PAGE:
Scientists see promising early results from the first studies examining the effects of gene editing on painful, inherited blood disorders that affect millions of people worldwide, especially black people.
Doctors hope that the one-time treatment that permanently changes the DNA in blood cells using a tool called CRISPR can treat, and potentially cure, sickle cell disease and beta thalassemia.
Partial results were presented at a conference of the American Society of Hematology and some were published by the New England Journal of Medicine.
All of them no longer need regular blood transfusions and are free from the pain that previously plagued their lives.
Victoria Gray, the first patient in the sickle cell study, suffered lifelong severe pain that often took her to the hospital.
« I’ve had aching pains, sharp pains, burning pains, as you call it. That’s all I’ve known all my life, ”said Ms. Gray, 35, who lives in Forest, Mississippi. “I hurt everywhere my blood flowed. ”
Since her treatment a year ago, Ms. Gray has weaned herself from pain medication that she relied on to relieve her symptoms.
« It’s something I’ve prayed for all my life, » she said. “I pray everyone will have the same results as me. ”
Sickle cells affect millions, mostly blacks. Beta thalassemia affects about 1 in 100. 000 people. The only cure for now is a bone marrow transplant from a closely matched donor without the disease, such as:. B.. a sibling.
Both diseases involve mutations in a gene for hemoglobin, the substance in red blood cells that carries oxygen around the body.
In sickle cells, defective hemoglobin leads to deformed, sickle-shaped blood cells that do not transport oxygen well. They can stick together and clog small vessels, causing pain, organ damage, and strokes.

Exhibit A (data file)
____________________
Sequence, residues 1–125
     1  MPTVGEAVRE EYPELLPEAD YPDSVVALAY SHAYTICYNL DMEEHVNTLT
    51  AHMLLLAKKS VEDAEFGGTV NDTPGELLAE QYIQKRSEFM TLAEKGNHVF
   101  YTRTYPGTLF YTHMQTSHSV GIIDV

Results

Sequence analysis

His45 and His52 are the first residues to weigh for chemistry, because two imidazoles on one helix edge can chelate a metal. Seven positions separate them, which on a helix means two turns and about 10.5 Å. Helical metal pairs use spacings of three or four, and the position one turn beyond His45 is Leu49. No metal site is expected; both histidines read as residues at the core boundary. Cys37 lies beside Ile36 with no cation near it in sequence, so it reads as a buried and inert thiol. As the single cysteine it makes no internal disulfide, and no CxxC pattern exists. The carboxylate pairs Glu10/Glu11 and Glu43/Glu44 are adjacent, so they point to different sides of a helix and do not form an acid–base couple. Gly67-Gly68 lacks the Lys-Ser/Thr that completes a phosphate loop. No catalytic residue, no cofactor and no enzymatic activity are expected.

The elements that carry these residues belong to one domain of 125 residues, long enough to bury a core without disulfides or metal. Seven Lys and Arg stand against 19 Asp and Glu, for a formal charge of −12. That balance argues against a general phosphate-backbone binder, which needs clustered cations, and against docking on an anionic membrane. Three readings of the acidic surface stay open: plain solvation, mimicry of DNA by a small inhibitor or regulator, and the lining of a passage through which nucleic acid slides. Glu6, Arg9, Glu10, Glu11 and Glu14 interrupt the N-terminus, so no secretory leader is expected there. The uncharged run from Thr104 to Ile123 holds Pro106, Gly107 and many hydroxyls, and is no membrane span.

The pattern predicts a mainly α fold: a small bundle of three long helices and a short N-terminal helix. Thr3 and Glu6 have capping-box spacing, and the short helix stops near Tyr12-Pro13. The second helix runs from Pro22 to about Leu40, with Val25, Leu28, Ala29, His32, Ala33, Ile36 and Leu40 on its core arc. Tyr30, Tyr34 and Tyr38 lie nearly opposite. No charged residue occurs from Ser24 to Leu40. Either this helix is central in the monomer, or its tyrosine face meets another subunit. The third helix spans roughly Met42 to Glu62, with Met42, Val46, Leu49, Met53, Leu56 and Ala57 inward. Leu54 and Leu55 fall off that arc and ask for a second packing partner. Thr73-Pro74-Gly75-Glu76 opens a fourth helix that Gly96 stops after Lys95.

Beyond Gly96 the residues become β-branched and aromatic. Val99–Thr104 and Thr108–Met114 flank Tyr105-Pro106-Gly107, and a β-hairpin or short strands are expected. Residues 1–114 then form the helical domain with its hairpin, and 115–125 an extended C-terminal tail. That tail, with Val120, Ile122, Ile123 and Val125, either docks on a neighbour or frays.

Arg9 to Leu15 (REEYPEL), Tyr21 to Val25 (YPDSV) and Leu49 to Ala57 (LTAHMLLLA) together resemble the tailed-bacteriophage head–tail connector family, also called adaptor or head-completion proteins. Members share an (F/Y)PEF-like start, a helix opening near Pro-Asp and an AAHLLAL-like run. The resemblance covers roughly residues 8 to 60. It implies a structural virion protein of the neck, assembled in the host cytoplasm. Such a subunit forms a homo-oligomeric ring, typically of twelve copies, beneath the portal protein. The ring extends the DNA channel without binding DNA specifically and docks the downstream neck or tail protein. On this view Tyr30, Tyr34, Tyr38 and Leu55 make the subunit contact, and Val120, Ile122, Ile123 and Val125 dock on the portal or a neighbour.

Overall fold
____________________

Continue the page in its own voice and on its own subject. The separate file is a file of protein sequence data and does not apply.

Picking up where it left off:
People with beta thalassemia do not have enough normal hemoglobin and experience anemia, fatigue, shortness of breath, and other symptoms. In severe cases, transfusions are required every two to five weeks.
When babies breathe on their own after birth, a gene is activated that tells cells to switch and make an adult form of hemoglobin instead. The adult hemoglobin is defective in people with one of these diseases.
A head of the study, Dr. Haydar Frangoul of the Sarah Cannon Research Institute in Nashville said, “We turn that switch back off and make the cells believe that they are basically back in the womb. « . This means that they are producing fetal hemoglobin again.
The treatment involves removing stem cells from the patient’s blood and then using CRISPR in a laboratory to turn off the switching gene.
Patients are given potent drugs to kill their other faulty blood-producing cells. Then they get their own laboratory-modified stem cells back.
Saturday’s results were in the first 10 patients, seven with beta thalassemia and three with sickle cells.
The two studies in Europe and the US are ongoing and will each include 45 patients.
Tests to date suggest that gene editing is working as intended with no unintended effects, said Dr. Frangoul.
The study was sponsored by therapy manufacturers CRISPR Therapeutics, headquartered in Zug, Switzerland, and Vertex Pharmaceuticals, based in Massachusetts. Some study leaders advise for the company.
Regardless, Dr. David Williams of Boston Children’s Hospital at Harvard announced partial results of a study in which a novel gene therapy was tested, with which the production of fetal hemoglobin in sickle cells was also to be restored.
Six patients, including one age seven, received treatment that involved removing some of their blood stem cells and changing them in the lab to dampen the hemoglobin switching gene.
Nobody had pain crises, five of the six no longer need transfusions and all have almost normal hemoglobin, he reported at the conference and in the medical journal.
Dr. Williams is named after a patent for the therapy that Boston Children’s licensed to Bluebird Bio of Cambridge, Massachusetts. The company provided the therapy for the study, which will involve a total of 10 people, to ensure safety. A larger study to test the effectiveness of the treatment is planned.
Dr. Williams, who did not participate in Dr.. Frangoul said it « validates » this approach of targeting the hemoglobin switching gene against sickle cells.
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Sickle Cell Disease, Cell, Gene Therapy, Hematological Disease, Medicine
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